Technology that slashes the time it takes to back up corporate data from 12 hours to 30 minutes could be available within two years. Cambridge-based Polight Technologies has secured $5.4m worth of funding to develop Holodisc, a CD-sized unit that uses three-dimensional holographic data storage technologies. The discs can hold 500GB to 1TB of data and have read/write transfer speeds of over 1Gbps.
This compares with the current limit of 4.7GB for a DVD and a read/write maximum around 3MBps. Michael Ledzion, chief executive at Polight, said: "Big corporations will eventually use this technology.
"It could, for instance, reduce a 12-hour back-up to half an hour, overcoming pressures on the daily archival window. Also, tape has a low archival life whereas holographic storage could last up to 50 years."
He said performance could be enhanced further by using holographic content-addressable memory techniques to achieve super-fast data searches.
Consumer products, such as streaming for high definition television feeds, photography and video archiving and retrieval, will become a reality with the technology.
Photo-polymers are light-sensitive materials whose state is changed by the action of a laser. By splitting the light beam and altering the focus, data can be written throughout the substance, achieving huge densities.
For non-moving lasers the data read speed is potentially close to the speed of light. But the difficulty has been finding a photo-polymer that is not unduly sensitive to temperature and humidity.
Polight believes that it has developed a higher specification polymer than US company InPhase Technologies, which is why it can achieve higher capacity. "We have demonstrated it internally," said Ledzion.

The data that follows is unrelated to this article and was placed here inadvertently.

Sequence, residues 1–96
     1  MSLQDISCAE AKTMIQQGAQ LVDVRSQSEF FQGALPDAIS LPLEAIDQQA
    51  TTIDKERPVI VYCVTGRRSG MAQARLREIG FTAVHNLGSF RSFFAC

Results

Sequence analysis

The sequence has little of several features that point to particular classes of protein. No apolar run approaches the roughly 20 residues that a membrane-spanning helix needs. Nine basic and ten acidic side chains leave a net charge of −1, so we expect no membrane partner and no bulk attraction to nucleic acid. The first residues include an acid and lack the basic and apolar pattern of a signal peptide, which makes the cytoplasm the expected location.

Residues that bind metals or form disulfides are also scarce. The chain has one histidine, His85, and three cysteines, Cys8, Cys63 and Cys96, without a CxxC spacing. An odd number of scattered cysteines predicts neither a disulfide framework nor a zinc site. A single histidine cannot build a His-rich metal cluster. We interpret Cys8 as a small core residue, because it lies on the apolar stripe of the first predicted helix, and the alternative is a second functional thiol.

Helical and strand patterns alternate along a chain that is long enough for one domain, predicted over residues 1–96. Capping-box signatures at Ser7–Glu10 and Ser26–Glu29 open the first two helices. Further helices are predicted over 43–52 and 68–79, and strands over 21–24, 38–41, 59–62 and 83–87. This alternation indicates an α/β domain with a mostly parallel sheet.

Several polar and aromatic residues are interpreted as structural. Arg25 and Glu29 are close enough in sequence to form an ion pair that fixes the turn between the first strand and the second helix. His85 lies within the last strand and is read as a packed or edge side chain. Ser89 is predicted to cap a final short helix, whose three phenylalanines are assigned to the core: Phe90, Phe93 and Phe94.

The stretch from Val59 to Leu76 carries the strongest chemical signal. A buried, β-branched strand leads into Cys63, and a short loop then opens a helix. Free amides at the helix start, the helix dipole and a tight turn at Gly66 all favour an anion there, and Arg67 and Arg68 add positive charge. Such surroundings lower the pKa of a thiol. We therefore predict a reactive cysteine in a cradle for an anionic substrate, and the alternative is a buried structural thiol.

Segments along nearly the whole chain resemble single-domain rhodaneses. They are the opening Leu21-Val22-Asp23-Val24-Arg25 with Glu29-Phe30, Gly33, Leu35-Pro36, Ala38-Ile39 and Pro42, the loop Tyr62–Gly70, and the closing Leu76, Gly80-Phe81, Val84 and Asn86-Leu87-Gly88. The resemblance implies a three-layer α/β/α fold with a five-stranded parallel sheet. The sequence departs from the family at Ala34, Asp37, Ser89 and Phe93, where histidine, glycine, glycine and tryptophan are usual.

Polight's new funding has come from the Cambridge Gateway Fund and NIF Ventures in Japan, along with existing UK and US investors.
Other companies are working on similar products, and are also promising high-capacity products.
InPhase, which signed a deal with Hitachi earlier this year, is working on a 100GB disk and 20MBps transfer speeds. But its products could work out cheaper as it will use the low-cost red and blue lasers already developed for DVD.
A third company, Optware of Japan, whose venture capital funding includes $5m from Intel, is also aiming to reach a 1TB capacity and a similar transfer speed to the Holodisc.
But, whereas the first two use new photo-polymer materials, Optware claims to have developed a reliable way of storing in 3D format on existing CD and DVD media.
Sample shipments of a write-once disc are planned for next year, but the capacity and speed is undisclosed.